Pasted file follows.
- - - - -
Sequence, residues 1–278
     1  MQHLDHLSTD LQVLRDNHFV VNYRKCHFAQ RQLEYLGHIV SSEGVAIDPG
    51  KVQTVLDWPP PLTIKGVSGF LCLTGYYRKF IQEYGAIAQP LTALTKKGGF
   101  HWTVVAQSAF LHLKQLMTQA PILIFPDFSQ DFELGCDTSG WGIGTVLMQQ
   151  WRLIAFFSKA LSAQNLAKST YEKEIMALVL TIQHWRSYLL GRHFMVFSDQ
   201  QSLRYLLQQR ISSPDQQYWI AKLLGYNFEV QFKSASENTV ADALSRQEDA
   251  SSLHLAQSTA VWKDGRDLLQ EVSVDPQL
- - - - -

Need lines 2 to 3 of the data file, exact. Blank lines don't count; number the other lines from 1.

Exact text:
     1  MQHLDHLSTD LQVLRDNHFV VNYRKCHFAQ RQLEYLGHIV SSEGVAIDPG
    51  KVQTVLDWPP PLTIKGVSGF LCLTGYYRKF IQEYGAIAQP LTALTKKGGF